Abscond to Wander

Pennsylvania Renaissance Faire


There are many Renaissance festivals and faires throughout the US but we’ll be strictly discussing the Pennsylvania Faire in this post because, well, the Pennsylvania Renaissance Faire is simply one of the coolest (for more reasons than just my favoritism).

Tudor-England is a part of history which has always interested me. The interest was only fueled by the HBO show The Tudors and I dove into a small obsession of reading as much Tudor-inspired fiction as I could. Enter the Pennsylvania Renaissance Faire which was an hour and a half away from my house and a land of wonderment I had always wanted to visit. There is a wonderful Renaissance Faire in New York which I had never had the opportunity to go to and a very large one in Maryland — which I still have yet to visit — but the Pennsylvania was my first and only and even while I moved to Virginia and the Faire was much further away I still made the trek up to the Shire to attend the faire.

The PA Ren Faire is wonderful for multiple reasons but I’ll try to cover the reasons that first pop into mind.

1) Every weekend is a themed weekend. Running from August through October, you certainly have plenty of time to go to the PA Ren Faire. I’ve visited during various weekends (Children’s Fantasy Weekend, Wine Festival, Oktoberfest) and they’re all fun. There are more weekends you can go that may grab your interest so be sure to look at the calendar of events on the website.


2) The Shire is a permanent location. No tents or temporary buildings here: the buildings of the Shire are permanent and cute — right down to the food vendors who have their very own little buildings that are made to match the village! The food options may not be typical Tudor-era grub (Pizza, etc) but you still are able to feast on the Ren Faire specialty of very large turkey legs.

3) Worried that it may rain on your trip and you’ll miss the fun? The first time I went to the PA Ren Faire it was like monsoon season. The faire opened and the actors dealt with the nasty weather like champs but it persisted and the faire had to close early. Tickets are a bit more expensive than, say, a movie ticket but no worries – I was able to walk away with a ticket for another weekend (my choice) to enjoy the faire in the future since that day had been rained out.


4) Fun for all ages. There are always different shows being played varying in maturity levels (some are downright funny — for adults), faire rides and games (you can pair your kids up against your spouse and watch them attack, it’s kind of funny) and events where you can play along with the different actors at the faire (such as the peasant dance and the chess match!)


5) Possibly the largest jousting field outside of Europe, or so Wikipedia says, but whether or not that is true the jousting field is pretty big and the end of day joust is by far AWESOME and full of fake blood and explosions.

It’s easy to lose yourself in the Pennsylvania Ren Faire. Once you walk through the gates you can leave yourself behind and adopt a new character and be someone else. The Renaissance Faire is a way for adults to continue being kids and play make-believe. You can go in your regular clothing or dressed up, it’s your choice.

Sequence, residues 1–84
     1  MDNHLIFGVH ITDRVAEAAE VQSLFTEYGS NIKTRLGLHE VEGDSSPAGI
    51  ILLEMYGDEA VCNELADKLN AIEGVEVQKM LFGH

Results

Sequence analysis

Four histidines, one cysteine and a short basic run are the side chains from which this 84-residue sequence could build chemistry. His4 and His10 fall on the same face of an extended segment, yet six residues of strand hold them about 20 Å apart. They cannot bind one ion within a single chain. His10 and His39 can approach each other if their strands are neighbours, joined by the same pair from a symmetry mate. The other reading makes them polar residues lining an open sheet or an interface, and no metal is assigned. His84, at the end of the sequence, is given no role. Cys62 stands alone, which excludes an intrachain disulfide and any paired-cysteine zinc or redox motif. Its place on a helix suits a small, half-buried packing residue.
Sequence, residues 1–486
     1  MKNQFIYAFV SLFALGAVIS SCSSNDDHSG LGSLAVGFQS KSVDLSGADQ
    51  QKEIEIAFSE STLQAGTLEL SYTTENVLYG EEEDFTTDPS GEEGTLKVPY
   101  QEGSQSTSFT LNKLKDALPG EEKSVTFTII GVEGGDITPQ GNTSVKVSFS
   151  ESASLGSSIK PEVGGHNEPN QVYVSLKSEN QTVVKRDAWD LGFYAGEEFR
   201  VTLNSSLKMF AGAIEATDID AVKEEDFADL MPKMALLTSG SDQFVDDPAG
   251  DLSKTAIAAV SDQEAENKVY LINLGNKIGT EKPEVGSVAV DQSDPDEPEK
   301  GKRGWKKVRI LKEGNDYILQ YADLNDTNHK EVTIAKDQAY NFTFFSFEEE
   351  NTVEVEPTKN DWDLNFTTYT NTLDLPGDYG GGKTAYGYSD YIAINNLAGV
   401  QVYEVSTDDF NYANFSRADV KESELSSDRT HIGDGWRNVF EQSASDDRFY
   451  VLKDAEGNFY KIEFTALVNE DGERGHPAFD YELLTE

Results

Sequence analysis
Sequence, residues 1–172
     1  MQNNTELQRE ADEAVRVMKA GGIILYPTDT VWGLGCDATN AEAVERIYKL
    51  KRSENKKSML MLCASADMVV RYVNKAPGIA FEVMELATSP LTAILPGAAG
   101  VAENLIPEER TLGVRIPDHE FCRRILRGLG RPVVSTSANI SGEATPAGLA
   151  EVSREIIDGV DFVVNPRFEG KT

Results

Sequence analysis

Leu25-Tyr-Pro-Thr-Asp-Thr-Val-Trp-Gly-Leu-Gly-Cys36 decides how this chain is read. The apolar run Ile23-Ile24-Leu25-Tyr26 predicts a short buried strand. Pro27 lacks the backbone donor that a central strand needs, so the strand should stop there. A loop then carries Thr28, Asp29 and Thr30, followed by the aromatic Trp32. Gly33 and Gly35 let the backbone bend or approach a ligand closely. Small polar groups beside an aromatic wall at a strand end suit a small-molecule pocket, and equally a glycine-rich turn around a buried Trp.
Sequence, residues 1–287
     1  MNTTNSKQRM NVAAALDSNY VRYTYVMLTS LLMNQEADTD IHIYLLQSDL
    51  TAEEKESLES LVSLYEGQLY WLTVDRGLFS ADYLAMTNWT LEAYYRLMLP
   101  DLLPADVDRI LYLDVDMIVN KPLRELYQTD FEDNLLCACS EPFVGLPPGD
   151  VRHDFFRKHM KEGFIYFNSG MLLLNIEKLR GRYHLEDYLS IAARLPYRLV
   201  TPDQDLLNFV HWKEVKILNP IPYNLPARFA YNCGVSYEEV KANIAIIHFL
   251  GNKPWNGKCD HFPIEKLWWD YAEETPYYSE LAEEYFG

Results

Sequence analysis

Travel Tips:

  1. You’ll likely be parked in a field, in fact, I can’t think of any parking where it isn’t a field. The fields are pretty flat but just beware if you have a car that you’re afraid of getting mud or grass on (if it were rainy)
  2. There be booze at this faire! Bring your ID if you want to drink and have a great time with some delicious mead, wine or beer served in speciality glasses or cups at various booths or the pirate ship.
  3. It’s a large location and has quite a bit of hills. Be prepared to feel the burn in your thighs after walking around all day. 282357_628747717885_1473169193_n
  4. You can see a lot and many of the shows are repeated through the day so grab a map when you get to the faire and make your plan of attack for where to be throughout the day. I always try to make it to the peasant dance, chess match, last jousting tournament, and the closing of the faire for the day.
  5. Bring your money: while a lot of booths are accepting Lady Visa and Master Card there may be a minimum charge and it’s also very easy to spend a lot of money at the faire. So if you’re under a budget, like I usually am when I go, stick to cash so you know how much you’re spending. 384183_628745961405_600087240_n
  6. Dress up! In a Halloween costume or not, you can dress up for faire and be a kid again. Some people will come in street clothes while others will be in full on garb of varying degrees (from a cheaper costume to something that costs a pretty penny). It’s all for fun!
  7. Try the pickles on a stick. Just do it. They are wonderful.


This entry was published on January 5, 2013 at 12:43 pm. It’s filed under Travel and tagged , , , , , . Bookmark the permalink. Follow any comments here with the RSS feed for this post.

2 thoughts on “Pennsylvania Renaissance Faire

  1. Great post! I like the tips about the money – I’m not normally one to carry cash but it seems like this would be a good thing to plan for.

    I’ve been meaning to go to the Faire since I moved to PA in 2011, but haven’t gotten around to it yet. I went to the one in New York close to a decade ago and it was awesome, so I think 2013 will be the year to go to the PA Ren Faire!

  2. Nice! Sounds like fun. I’ve been to the Maryland Renaissance Festival (Rennfest for short), which is equally fun. But it definitely helps to wear comfortable shoes and to bring hand sanitizer there.

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